COLUMBIA, Mo. (KMIZ)
Columbia Public Schools notified families Friday that the district will require students 11-years-old and younger to wear masks inside and on buses during the summer session.
This decision comes as the district has continued to monitor Covid-19 cases. The 14-Day Tracker for CPS shows that the district entered back into the red zone for 7-day rate on June 28.
The week of June 28, the 7-day rate per 10,000 people was at 11.1. Since that week it has continued to rise and on July 8 it reached 17.3.
"A large number of the increase has happened at our elementary levels, those students do not yet have access to the vaccination," said Michelle Baumstark, spokeswoman for CPS.
Currently, in the district, 399 students are currently quarantined or isolated due to Covid with 361 of them at the elementary level.
Doctor Adam Wheeler, Big Tree Medical Home, said he does not fully support bringing the masking policies back to schools. "I'm not sure it's the kid's fault that people who are choosing not to immunize could get COVID. I also can't come up with any argument that would lead us to not using masks for influenza or other viruses wouldn't apply in this situation."
The district has also made adjustments to contact tracing and quarantine protocols. Quarantine is not required for fully vaccinated individuals who have no systems. You are considered fully vaccinated if it has been two weeks after you received both doses.
Quarantine is also not required if the individual exposed was wearing a mask and has no symptoms. Contact tracing will be done for those not wearing a mask within 3 feet of the positive individual indoors for a cumulative time of 15 minutes or more within a 24-hour period.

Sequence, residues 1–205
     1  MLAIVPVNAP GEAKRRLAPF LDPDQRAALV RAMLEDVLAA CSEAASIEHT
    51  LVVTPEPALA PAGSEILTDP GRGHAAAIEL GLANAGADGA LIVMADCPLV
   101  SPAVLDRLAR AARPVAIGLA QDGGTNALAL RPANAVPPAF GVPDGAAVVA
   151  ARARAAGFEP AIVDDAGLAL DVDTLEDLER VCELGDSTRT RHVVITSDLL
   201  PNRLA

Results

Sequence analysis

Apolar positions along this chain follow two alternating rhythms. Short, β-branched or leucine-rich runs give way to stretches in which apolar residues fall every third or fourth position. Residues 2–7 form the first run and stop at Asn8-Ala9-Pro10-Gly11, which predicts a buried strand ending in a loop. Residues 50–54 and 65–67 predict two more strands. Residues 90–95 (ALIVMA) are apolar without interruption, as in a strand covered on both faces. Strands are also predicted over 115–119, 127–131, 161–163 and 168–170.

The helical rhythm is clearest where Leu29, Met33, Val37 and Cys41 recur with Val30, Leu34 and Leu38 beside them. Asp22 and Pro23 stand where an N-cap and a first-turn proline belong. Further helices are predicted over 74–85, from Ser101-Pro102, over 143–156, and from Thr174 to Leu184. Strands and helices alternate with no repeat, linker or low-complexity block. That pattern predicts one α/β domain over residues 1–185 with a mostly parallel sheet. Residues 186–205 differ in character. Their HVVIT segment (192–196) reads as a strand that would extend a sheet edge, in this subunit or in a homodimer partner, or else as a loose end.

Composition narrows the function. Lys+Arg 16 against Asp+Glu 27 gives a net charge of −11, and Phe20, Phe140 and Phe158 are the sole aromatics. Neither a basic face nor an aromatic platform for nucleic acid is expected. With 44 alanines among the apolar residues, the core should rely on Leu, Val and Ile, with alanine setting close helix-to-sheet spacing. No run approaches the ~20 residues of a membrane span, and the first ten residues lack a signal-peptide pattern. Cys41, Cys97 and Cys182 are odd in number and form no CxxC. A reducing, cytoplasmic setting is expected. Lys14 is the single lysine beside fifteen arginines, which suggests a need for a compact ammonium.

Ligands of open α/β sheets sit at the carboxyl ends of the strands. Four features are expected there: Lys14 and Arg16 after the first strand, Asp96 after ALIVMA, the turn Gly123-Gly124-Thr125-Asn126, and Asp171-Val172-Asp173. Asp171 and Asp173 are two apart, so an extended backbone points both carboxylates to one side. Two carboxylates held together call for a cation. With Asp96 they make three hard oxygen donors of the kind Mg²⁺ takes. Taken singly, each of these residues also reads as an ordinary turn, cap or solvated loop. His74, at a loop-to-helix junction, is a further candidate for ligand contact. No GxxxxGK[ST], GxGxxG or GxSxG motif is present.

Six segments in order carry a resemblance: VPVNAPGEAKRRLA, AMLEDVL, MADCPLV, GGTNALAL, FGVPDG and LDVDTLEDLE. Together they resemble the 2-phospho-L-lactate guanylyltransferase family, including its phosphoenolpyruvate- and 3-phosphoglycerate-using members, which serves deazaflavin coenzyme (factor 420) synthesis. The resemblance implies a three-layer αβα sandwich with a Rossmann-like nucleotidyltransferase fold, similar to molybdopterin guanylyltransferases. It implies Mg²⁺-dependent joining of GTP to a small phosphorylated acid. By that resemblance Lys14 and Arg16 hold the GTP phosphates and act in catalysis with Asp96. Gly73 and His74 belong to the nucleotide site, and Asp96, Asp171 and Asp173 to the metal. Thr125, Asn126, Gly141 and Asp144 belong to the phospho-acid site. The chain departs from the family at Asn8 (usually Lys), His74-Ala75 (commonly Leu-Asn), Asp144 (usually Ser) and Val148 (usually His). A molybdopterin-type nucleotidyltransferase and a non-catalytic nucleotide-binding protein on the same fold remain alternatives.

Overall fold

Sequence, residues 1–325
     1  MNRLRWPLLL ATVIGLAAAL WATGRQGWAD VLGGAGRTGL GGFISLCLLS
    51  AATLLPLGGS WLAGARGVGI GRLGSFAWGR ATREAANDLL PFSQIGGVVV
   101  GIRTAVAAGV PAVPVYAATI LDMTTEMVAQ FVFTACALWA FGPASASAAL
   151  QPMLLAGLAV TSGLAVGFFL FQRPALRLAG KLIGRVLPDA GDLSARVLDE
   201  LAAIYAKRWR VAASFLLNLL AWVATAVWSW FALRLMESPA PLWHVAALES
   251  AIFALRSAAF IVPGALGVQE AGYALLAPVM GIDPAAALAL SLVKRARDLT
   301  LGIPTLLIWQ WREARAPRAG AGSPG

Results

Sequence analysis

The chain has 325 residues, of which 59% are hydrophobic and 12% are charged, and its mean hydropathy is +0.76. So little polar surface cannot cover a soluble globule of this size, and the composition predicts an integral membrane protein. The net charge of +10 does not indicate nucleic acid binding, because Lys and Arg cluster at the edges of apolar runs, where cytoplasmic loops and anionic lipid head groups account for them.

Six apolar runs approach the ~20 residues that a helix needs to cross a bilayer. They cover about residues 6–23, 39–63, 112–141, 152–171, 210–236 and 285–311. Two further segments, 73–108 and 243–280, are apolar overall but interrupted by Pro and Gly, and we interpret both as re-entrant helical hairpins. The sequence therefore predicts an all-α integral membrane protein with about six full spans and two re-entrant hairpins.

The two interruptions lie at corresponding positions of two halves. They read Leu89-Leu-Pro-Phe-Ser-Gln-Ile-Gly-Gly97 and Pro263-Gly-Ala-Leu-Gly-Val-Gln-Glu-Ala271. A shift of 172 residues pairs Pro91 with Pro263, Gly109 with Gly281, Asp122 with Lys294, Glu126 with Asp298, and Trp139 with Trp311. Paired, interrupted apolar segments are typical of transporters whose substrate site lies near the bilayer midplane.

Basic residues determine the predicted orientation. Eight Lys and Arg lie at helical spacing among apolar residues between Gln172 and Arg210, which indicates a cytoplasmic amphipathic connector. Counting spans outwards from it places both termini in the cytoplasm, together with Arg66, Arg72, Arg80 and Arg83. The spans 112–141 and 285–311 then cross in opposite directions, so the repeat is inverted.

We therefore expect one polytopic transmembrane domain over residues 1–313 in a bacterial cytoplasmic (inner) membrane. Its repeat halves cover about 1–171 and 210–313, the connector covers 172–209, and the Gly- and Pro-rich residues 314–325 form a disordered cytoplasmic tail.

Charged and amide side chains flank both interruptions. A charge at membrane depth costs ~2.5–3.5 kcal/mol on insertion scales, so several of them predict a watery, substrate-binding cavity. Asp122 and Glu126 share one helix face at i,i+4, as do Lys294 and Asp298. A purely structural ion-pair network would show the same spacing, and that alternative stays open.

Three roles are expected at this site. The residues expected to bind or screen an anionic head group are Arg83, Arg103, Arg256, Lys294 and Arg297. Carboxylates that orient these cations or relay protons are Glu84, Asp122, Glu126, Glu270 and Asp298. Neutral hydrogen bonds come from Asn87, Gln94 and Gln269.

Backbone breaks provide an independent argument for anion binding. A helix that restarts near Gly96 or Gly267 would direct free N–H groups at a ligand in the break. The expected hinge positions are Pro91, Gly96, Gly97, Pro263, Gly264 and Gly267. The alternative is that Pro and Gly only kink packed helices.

The district will continue with a 10-day quarantine for those exposed to the virus or a 7-day quarantine if a negative PCR test is obtained between five to seven days and shows no symptoms.
"Really the adjustments both the masks and the contact tracing is about finding a balance for our families. We want to continue to do our due diligence with mitigation, but we also want to keep our students in school," said Baumstark.
Baumstark said a lot of the cases are due to parents sending sick kids into school. A checklist is in place for parents to screen their children in order to keep schools safe. These include no fever or chills, no cough, no shortness of breath, no sore throat, no headaches, no muscle aches, no nausea, vomiting or diarrhea, no new loss of taste or smell, no new runny nose or congestion, and no close contact with a person with Covid-19 in the last 14 days.
Masks are also being strongly encouraged for those 12-years-old and older when inside CPS buildings, especially for unvaccinated individuals.
"Kids are going to get COVID, but the risk of death is so low that it doesn't really bother me," said Wheeler. He suggests for districts to let the virus "run its course." He said this would have effects on people who chose against immunization, but those people are in charge of their own health.
Baumstark said the district plans to continue monitoring cases in the county and evaluate what mitigation strategies will need to be in place for the Fall 2021 semester.
The district is hopeful that the vaccine will be available for younger children around August or September.